ESPN, Jalen Rose, And The Manufactured "Uncle Tom" Controversy

Big ratings last weekend for ESPN's Fab Five film: Bill Simmons says it was the highest rated ESPN doc ever.

The program did such a nuts number in large part because of its hype. Jalen Rose, one of the documentary's executive producers, called Duke's black players "Uncle Toms" in the movie. Well, sort of. All week long, it was all anyone could talk about, especially on ESPN, and it wasn't long before we were presented with the spectacle of an ESPN on-air personality, one who's producing a movie for ESPN, appearing on ESPN programs to talk about his comments made in this ESPN movie, comments that aired in advance on an ESPN program. ESPN wins, and Jalen Rose wins, too, and in a way it's the perfect coda for the Fab Five's story.

First, let's look at what Rose said, in context:

For me, Duke was personal. I hated Duke. And I hated everything I felt Duke stood for. Schools like Duke didn't recruit players like me. I felt like they only recruited black players that were Uncle Toms.

He wasn't saying that this is how he currently feels about Duke, nor was he necessarily endorsing the sentiment. He was merely saying that this is how he felt as a teenage basketball star. He was admitting to harboring some impolitic thoughts two decades ago. There's nothing particularly controversial about that, and it's worth wondering if the media would've zeroed in on the comment if ESPN hadn't waved them in with day-glo wands and bright orange cones.

Here's a timeline:

Tuesday, March 8: Rose, Jimmy King, and Ray Jackson appear on First Take to respond to that quote, excepted from the movie. From what I can tell, this is the first mention of Rose's remark. Again: ESPN brings on Rose to respond to comments that only ESPN has access to. Rose, King, and Jackson also appear on Mike and Mike in the Morning and discuss the quote. ESPN's Facebook page offers a preview that night, which includes the quote. Rose takes part in a live chat afterward.

Wednesday, March 9: Rose appears on Simmons's podcast to talk about the movie, Duke, hip hop and his NBA career.

Friday, March 11: Rose, King, and Jackson have a lengthy chat with Page 2 and talk about Duke in general, but not about the quote.

Saturday, March 12: J.A. Adande's big Fab Five feature appears on ESPN.com.

Sunday, March 13: Documentary runs on ESPN. Big ratings.

Tuesday, March 15: Rose appears on First and Ten, clarifying his remarks to Skip Bayless (see below), with whom he has the following exchange:

Rose: "As a 17-year old recruit, that's exactly how I felt. [...] Now, I understand what their program represents, because I'm a mature adult. I know it's a private school, that they do recruit players from well-to-do, affluent families. But also, I understand some of the reason why—so that they don't see some of the players selling goods for money. Also, they want to have kids who represent the program the right way. I get all of that. But that's the minority. I was speaking for the majority. And that's how I felt then."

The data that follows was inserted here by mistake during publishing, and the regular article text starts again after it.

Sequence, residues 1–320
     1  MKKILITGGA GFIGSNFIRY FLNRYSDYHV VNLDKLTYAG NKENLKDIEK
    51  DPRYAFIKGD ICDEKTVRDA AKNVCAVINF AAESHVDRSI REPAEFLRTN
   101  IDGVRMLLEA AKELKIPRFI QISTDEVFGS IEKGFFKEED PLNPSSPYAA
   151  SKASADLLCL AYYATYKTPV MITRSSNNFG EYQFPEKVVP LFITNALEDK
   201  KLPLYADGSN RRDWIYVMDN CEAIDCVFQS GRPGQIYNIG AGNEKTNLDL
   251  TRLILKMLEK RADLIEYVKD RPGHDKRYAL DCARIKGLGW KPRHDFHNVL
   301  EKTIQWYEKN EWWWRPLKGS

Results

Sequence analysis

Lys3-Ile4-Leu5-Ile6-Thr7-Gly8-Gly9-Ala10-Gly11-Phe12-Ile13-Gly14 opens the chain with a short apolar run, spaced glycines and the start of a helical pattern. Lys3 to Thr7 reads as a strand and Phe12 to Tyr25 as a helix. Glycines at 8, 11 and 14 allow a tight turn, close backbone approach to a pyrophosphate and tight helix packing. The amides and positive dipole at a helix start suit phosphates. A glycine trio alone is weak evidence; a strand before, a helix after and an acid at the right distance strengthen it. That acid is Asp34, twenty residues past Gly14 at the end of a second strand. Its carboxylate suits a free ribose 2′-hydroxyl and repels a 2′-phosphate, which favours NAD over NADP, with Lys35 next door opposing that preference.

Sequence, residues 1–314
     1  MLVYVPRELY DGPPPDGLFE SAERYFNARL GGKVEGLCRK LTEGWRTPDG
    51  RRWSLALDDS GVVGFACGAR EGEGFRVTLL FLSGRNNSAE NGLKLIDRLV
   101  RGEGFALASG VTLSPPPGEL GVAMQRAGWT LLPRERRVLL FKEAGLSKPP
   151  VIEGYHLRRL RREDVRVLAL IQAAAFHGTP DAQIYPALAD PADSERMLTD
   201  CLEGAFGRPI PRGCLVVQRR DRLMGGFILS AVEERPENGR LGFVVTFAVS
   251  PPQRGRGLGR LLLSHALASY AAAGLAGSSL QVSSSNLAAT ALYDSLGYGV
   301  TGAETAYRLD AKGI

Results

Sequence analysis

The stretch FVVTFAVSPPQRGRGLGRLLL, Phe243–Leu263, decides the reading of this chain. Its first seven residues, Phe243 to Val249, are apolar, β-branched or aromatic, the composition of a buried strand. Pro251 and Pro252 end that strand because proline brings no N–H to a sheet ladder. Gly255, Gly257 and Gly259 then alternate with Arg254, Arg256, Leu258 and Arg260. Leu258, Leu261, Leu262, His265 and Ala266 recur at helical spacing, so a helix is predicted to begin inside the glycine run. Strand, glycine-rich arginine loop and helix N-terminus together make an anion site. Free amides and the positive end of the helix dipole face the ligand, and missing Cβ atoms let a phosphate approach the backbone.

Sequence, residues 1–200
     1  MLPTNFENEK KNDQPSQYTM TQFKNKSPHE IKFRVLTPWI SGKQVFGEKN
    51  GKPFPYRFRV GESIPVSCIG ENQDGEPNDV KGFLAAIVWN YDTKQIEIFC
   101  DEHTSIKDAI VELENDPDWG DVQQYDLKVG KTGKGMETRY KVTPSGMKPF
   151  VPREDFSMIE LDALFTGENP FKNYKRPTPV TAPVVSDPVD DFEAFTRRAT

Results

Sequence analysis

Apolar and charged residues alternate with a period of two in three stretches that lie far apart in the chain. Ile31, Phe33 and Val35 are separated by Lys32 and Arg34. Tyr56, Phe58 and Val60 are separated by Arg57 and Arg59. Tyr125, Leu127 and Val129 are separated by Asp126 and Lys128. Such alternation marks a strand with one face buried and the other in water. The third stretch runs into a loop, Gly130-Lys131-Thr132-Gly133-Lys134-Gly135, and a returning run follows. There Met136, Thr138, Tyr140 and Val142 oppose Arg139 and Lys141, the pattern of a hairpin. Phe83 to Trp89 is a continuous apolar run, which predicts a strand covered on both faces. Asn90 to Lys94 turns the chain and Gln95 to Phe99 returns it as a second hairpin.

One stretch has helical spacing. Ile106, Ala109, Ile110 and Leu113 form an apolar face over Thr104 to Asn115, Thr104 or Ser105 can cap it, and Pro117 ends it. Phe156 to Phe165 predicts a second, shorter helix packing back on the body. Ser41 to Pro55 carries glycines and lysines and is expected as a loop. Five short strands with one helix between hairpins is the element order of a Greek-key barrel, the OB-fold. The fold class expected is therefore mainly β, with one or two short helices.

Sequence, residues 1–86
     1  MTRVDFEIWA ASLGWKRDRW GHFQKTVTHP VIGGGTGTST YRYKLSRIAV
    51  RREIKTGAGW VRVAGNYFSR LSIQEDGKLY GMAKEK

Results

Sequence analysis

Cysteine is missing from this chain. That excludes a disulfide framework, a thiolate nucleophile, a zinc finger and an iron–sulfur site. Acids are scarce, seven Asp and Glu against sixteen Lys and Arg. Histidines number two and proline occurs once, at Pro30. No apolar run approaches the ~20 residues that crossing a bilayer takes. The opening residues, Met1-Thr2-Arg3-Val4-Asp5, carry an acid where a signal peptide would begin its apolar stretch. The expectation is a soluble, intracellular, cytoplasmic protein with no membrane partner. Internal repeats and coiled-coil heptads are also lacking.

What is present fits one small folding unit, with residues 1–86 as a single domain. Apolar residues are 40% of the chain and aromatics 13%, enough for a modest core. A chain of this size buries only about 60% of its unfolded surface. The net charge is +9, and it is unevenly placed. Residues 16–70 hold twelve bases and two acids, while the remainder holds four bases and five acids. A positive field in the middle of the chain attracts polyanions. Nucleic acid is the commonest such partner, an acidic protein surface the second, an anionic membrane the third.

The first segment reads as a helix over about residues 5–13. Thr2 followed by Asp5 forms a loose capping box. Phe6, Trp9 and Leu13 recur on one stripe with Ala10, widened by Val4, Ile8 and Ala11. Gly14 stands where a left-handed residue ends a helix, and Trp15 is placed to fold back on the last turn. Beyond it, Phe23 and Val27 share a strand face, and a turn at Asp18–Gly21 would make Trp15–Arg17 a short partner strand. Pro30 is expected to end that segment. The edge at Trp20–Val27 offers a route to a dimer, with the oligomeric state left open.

Bayless: "So you don't feel that way today?"

Rose: "Well, the bottom line is this: they do recruit a certain kind of player. They recruit a lot of players from private schools."

Rose's explanation-apology doesn't apologize for or explain much. Rather, its vagueness only creates more discussion.

Wednesday, March 16: Grant Hill responds to Rose with an op-ed online for The New York Times.

In addition, we learn from the unedited version that both Hill and Jay Williams received Twitter apologies from Rose before the documentary aired. On Twitter, Jimmy King notes that he has 99 problems but a Grant ain't one.

Thursday, March 17: First and Ten discusses Hill's response to Rose's remarks. ESPN rallies a bunch of its online columnists for some kind of roundtable. Hill's op-ed runs in the print Times. Michael Wilbon writes something.

March 21-March 25: Documentary will re-air at least once each day on the ESPN family of networks.

This is where ESPN's tricky dual roles as journalism outfit and producer of sports entertainment collide, and the results aren't always pretty. ESPN, not to mention Jalen Rose, only stood to benefit from a controversy over Rose's remarks. Among other things, it allowed the network to promote the doc without explicitly promoting it. It was news now, not just another piece of entertainment programming.

And I can't think of a better way for the Fab Five's story to come to a close. Consider what Rose told Simmons on the podcast. They were talking about Mitch Albom's book.

We boycotted the book as it was happening, because we already felt like we were being taken advantage of by the system, whether it was University of Michigan, Nike, a lot of different people that were able to capitalize financially on the Fab Five. We knew that the book had legs, that it would possibly be a best-seller, and we didn't get a dime. I don't take it personal, it's just the system.

And now Jalen Rose is finally making a dime, many many dimes, in fact, on the back of a controversy he helped create. He is a part of the system now.

Grant Hill's Unedited Response to the Fab Five's Documentary [GrantHill.com]
Whitlock: Fab Five film more fantasy than documentary [Fox Sports]
Jalen Rose on First and Ten [YouTube]